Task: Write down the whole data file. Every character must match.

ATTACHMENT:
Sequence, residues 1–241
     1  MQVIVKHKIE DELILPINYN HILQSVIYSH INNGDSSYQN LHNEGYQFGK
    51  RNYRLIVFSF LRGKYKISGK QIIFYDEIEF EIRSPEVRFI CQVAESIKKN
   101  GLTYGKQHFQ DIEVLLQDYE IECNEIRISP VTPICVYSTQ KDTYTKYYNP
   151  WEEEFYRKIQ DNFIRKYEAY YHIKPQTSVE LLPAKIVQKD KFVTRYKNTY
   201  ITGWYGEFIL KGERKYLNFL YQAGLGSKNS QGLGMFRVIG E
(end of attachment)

Sequence, residues 1–241
     1  MQVIVKHKIE DELILPINYN HILQSVIYSH INNGDSSYQN LHNEGYQFGK
    51  RNYRLIVFSF LRGKYKISGK QIIFYDEIEF EIRSPEVRFI CQVAESIKKN
   101  GLTYGKQHFQ DIEVLLQDYE IECNEIRISP VTPICVYSTQ KDTYTKYYNP
   151  WEEEFYRKIQ DNFIRKYEAY YHIKPQTSVE LLPAKIVQKD KFVTRYKNTY
   201  ITGWYGEFIL KGERKYLNFL YQAGLGSKNS QGLGMFRVIG E